Are you and your family prepared for a tsunami? Join us in recognizing Tsunami Preparedness Week this week! Register at Tsunamizone.org for resources and get some tips on how to be safe in the event of a tsunami.

What is the Cascadia subduction zone? Why should you care?

The Cascadia Subduction Zone runs for 7 hundred miles off the coast of the Pacific Northwest. Beginning near Cape Mendocino, California, this zone expands along Oregon and Washington, wrapping around Vancouver, Canada. 

An article (“New tsunami modeling shows more flooding likely for Skagit County”) from the Skagit Valley Herald in 2021 did a great job at summarizing the risks posed by our location. The article informs us that the most recent modeling of a potential Cascadia Subduction Zone earthquake alongside the West Coast would result in greater flooding, and a greater risk for a local tsunami event than formerly predicted.

What you should do to prepare before, during, and after a tsunami?

The above goes to show the importance of tsunami preparedness. There is so much that individuals and families can do to prepare for, and anticipate, these types of events. Here are a few simple steps that you can take to ensure that you’re ready if—or when—a tsunami occurs.

BEFORE

Step 1: Get a Kit

Remember, this will be your emergency bag and will be the only thing you’ll have, so make sure to prepare to meet the needs of yourself and/or your household. To find a guide for kit building, visit Ready.gov.

Step 2: Make a Plan

Make a communication and evacuation plan with your friends and family. Remember to have a plan for your pets as well! Have a couple of designated meeting areas for you and your family in case you become separated. Make your plan by visiting Ready.gov!

Step 3: Be informed

Learn what you need to know to keep you and your family safe. Also, monitor the news and share your newly acquired knowledge with family and friends. Basic knowledge of first aid and CPR can also go a very long way!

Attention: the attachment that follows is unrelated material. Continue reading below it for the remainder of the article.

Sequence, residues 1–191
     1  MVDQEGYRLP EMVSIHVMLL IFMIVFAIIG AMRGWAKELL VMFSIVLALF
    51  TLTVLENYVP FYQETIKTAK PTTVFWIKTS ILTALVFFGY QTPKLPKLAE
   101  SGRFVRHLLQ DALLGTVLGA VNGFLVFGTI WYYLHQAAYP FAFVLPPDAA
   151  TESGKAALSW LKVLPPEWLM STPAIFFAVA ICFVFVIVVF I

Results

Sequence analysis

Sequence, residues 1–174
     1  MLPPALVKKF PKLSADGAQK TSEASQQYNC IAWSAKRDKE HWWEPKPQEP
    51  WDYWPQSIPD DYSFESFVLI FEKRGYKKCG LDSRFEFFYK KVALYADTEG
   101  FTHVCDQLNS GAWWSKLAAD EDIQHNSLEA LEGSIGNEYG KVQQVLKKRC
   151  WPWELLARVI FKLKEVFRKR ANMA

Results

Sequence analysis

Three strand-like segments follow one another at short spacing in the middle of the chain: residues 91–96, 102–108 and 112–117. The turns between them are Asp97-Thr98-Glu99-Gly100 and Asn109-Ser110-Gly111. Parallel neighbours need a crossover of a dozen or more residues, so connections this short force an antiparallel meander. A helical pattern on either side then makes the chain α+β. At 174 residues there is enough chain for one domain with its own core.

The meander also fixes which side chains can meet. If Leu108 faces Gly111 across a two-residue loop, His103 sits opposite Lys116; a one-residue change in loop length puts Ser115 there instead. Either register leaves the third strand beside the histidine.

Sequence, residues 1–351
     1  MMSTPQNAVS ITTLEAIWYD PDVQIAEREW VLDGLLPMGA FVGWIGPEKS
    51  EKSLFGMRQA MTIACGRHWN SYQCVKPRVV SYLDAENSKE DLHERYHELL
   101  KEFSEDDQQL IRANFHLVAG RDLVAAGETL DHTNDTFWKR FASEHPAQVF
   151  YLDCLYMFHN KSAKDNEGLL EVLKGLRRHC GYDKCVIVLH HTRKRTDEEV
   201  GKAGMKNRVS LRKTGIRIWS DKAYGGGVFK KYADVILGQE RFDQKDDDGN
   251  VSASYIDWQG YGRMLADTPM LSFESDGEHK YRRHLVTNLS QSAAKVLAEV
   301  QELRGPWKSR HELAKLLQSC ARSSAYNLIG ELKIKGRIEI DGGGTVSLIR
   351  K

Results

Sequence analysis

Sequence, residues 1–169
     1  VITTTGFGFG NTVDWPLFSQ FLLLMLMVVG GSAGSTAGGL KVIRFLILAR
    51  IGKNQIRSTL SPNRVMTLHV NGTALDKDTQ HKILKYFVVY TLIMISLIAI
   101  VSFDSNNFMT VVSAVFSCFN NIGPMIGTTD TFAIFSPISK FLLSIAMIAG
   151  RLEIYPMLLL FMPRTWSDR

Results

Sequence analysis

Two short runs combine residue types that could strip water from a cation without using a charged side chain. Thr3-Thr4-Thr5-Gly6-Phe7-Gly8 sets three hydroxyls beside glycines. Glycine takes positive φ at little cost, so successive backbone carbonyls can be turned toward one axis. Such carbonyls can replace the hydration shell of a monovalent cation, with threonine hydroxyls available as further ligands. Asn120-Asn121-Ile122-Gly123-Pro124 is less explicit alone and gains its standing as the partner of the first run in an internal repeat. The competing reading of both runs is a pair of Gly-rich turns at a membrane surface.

In Skagit County, a great way to stay informed is by signing up for CodeRed alerts. Register here to receive emergency alerts and notifications in your area through the CodeRed Emergency Notification System. 

DURING

  • If you feel an earthquake: DROP, COVER, and HOLD on to anything you can that is sturdy to protect yourself.
  • When you have noticed that the earthquake has stopped, get together with your household members, and go over your emergency evacuation plan to safely get out.
  • Contact a Coast Guard emergency frequency station or any local radio station for any emergency information and listen for an official tsunami warning. If directed to do so, evacuate at once.
  • Make sure to take your emergency go-bag and your pets with you! If it isn’t safe for you, it isn’t safe for them to stay either.
  • Get to higher ground as far inland as possible. The further up and farthest away from the water the safer you and your loved ones will be during the disaster.
  • Avoid any downed power lines, buildings, bridges, or heavy objects during your evacuation.
  • Finally, wait until officials say it is safe before attempting to go home. There can be a series of waves within hours.

AFTER

  • Reach out to family and friends to let them know you are safe and to check in.
  • If you become injured or sick and need medical attention, contact your healthcare provider. If you are experiencing a medical emergency, do not hesitate and call 9-1-1.  
  • If evacuated, only return if authorities have said it is safe to do so.
  • Document any property damage. Take picture and keep an inventory for your insurance company. You can also contact Skagit County’s Department of Emergency Management at (360) 416-1850 for assistance.

For more resources please visit:

Tsunami Preparedness | Tsunami Safety Tips | Red Cross

TsunamiZone

SKAGIT COUNTY DEPARTMENT OF EMERGENCY MANAGEMENT

New tsunami modeling shows more flooding likely for Skagit County | Environment | goskagit.com


It’s Not Luck! 3 Tips to Prepare for an Emergency

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Have you ever asked yourself if you or your loved ones are ready in case of a disaster? With recent floods within the county, it is smart to start to preparing yourself, family and friends for any type of emergency. This March, in association with St. Patrick’s Day, the “It’s Not Luck” campaign asserts that no one should rely on luck when it comes to being prepared for disasters and emergencies. After all, luck is for the leprechauns. Don’t leave disaster prep to chance.